For a little while, I was fascinated by Mill Creek Entertainment’s 12-in-1 DVD horror sets. The movies were, by and large, pretty terrible, but every now and then, you’d come across one that had just enough production value and narrative interest to compel you to actually finish it. Those watchable films were rare. If you know what I’m talking about, then you’ll understand when I say that Virgin Witch is like one of the better movies in a Mill Creek set. Which is to say, it’s terrible.
Real-life sisters Ann Michelle and Vicki Michelle play a couple of wannabe models who fall under the spell of a lesbian modeling agent and are quickly seduced into her coven of witches. One of the sisters is especially attractive to the witches, her being a virgin and them needing a virgin for their ritual, but they don’t count on her burgeoning psychic powers to throw a kink into their plans.
But let’s be honest, the plot is barely there. The movie seems to exist solely for the Michelle sisters to walk around topless for 88 minutes. This really stretches the definition of horror, because unless you’re deathly terrified of nipples, Virgin Witch is a complete snooze as a horror flick. No amount of shots that begin with a close-up and suddenly zoom out can salvage it, no matter what director Ray Austin might think.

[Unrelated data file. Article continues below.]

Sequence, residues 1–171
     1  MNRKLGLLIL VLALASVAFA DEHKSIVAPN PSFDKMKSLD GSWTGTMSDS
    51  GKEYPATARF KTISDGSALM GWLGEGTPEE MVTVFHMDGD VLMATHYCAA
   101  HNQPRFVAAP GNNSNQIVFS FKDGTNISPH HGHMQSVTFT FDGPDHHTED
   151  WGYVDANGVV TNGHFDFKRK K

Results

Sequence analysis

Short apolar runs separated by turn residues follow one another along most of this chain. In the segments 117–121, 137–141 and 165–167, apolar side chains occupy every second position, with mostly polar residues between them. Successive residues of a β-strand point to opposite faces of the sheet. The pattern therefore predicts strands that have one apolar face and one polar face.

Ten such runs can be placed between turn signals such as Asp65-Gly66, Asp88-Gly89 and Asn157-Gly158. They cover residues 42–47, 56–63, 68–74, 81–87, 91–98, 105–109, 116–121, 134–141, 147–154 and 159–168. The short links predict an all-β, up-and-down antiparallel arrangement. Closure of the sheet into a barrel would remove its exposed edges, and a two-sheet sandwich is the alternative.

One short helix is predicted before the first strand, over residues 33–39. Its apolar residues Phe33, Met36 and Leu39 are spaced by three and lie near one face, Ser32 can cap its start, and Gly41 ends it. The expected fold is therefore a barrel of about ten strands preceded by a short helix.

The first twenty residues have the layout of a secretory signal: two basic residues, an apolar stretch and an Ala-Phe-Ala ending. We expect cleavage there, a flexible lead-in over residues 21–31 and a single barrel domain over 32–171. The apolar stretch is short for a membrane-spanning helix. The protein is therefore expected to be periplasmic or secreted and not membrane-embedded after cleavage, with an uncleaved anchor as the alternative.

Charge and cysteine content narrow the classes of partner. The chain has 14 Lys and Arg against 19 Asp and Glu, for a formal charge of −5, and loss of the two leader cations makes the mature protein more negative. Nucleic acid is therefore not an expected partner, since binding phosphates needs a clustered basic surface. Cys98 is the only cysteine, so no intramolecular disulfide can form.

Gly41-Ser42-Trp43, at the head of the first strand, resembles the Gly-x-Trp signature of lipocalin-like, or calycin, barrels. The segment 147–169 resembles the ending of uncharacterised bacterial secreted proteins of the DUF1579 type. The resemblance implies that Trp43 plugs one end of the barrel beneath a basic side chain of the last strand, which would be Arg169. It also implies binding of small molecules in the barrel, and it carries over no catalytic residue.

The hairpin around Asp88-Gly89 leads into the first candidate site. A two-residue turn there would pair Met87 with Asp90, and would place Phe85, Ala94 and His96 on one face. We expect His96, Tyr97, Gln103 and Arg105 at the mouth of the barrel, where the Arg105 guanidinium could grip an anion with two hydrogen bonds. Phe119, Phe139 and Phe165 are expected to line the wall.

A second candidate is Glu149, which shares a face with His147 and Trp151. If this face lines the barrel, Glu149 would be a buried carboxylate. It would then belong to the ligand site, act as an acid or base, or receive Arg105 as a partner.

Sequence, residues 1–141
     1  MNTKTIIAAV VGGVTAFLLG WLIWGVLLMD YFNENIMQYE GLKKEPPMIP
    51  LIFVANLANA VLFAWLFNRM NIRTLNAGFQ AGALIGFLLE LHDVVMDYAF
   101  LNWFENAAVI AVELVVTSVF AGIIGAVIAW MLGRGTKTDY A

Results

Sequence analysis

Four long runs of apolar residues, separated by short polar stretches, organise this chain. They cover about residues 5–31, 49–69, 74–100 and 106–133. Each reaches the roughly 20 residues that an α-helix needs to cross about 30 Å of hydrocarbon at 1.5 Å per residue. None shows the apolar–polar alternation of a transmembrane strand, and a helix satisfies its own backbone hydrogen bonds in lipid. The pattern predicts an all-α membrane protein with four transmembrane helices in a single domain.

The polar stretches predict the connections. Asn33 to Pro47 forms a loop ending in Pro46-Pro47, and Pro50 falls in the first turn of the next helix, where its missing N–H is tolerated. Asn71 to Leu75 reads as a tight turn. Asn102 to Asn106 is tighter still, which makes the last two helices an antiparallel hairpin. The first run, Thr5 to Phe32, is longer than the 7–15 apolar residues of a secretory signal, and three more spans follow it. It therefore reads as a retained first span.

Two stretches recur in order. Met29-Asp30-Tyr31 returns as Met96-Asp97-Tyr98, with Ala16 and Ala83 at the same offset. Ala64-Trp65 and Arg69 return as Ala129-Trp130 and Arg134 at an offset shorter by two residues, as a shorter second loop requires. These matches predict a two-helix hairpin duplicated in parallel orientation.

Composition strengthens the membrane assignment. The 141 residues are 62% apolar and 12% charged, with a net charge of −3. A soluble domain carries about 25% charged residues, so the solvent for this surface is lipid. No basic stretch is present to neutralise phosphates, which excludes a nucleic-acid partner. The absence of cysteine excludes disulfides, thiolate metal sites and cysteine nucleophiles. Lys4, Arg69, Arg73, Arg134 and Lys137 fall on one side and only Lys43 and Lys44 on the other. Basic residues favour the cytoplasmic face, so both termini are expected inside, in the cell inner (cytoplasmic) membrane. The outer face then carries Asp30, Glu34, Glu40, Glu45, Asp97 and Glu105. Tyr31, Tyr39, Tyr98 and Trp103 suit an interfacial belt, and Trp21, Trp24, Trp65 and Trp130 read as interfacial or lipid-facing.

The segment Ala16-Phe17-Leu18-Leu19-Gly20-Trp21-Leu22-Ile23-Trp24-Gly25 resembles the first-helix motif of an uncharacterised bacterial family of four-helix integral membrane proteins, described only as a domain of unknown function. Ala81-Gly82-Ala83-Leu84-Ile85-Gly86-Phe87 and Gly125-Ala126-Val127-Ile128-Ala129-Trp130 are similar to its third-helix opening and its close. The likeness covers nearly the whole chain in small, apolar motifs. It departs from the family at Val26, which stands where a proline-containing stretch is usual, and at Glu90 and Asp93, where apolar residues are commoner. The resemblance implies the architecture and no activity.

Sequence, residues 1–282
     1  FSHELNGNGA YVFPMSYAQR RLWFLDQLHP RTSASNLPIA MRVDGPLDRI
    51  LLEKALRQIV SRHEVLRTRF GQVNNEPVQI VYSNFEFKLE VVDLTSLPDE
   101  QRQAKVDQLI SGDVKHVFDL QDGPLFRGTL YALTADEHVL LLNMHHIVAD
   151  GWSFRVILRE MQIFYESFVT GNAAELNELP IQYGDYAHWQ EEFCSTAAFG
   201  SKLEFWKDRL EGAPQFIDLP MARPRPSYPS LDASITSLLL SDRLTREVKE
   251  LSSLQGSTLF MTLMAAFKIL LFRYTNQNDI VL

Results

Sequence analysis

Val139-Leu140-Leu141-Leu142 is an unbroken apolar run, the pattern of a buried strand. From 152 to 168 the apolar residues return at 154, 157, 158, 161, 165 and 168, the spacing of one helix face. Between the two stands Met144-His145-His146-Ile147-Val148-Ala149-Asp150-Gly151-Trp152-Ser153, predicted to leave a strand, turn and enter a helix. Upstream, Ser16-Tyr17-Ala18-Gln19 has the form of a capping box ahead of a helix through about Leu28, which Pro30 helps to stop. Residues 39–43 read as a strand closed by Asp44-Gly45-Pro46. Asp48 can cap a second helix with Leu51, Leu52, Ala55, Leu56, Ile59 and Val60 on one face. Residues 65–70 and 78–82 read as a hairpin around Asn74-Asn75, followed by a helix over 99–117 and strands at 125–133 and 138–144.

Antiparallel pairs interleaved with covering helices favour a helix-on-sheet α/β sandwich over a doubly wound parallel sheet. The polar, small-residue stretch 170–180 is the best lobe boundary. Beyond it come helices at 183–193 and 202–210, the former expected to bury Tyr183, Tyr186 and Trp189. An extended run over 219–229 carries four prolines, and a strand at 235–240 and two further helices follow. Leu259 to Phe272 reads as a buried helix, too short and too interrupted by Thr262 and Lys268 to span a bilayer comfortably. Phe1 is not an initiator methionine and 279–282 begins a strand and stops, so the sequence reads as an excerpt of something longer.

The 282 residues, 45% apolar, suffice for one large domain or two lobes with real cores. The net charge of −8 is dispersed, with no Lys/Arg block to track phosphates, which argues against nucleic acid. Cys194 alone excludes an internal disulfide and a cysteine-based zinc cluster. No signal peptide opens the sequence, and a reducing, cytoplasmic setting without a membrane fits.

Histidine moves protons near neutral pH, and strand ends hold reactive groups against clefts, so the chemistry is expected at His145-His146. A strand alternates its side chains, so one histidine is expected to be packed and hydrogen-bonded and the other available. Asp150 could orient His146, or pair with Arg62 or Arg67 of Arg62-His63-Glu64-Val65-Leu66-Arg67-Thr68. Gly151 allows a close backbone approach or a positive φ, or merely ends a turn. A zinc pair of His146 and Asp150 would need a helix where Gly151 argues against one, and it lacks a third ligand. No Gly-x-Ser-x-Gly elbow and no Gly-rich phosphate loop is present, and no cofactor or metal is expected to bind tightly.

So, why the fancy Blu-ray treatment from Kino Lorber? Virgin Witch probably means more to British audiences for a number of reasons. One, star Vicki Michelle went on to have a pretty successful career across the pond, and this is a good chance to see her with no clothes on A LOT. Secondly, the film has some notoriety for being rejected outright by the British Censor in 1971, then allowed an X-rating and a limited release. Most saw the film in its 1972 version which was cut even further for general release. I, for one, applaud the British Censor for their original decision, attempting to spare their country from such a bore.
Kino Lorber has done their usual outstanding restoration job on the transfer. In particular, the color red pops every time it’s on screen, but colors and contrast are typically strong across the board. The disc is virtually feature free (just a trailer and some stills), and the spine is numbered with a 7, to sit alongside the previous six releases under the “Redemption” horror label.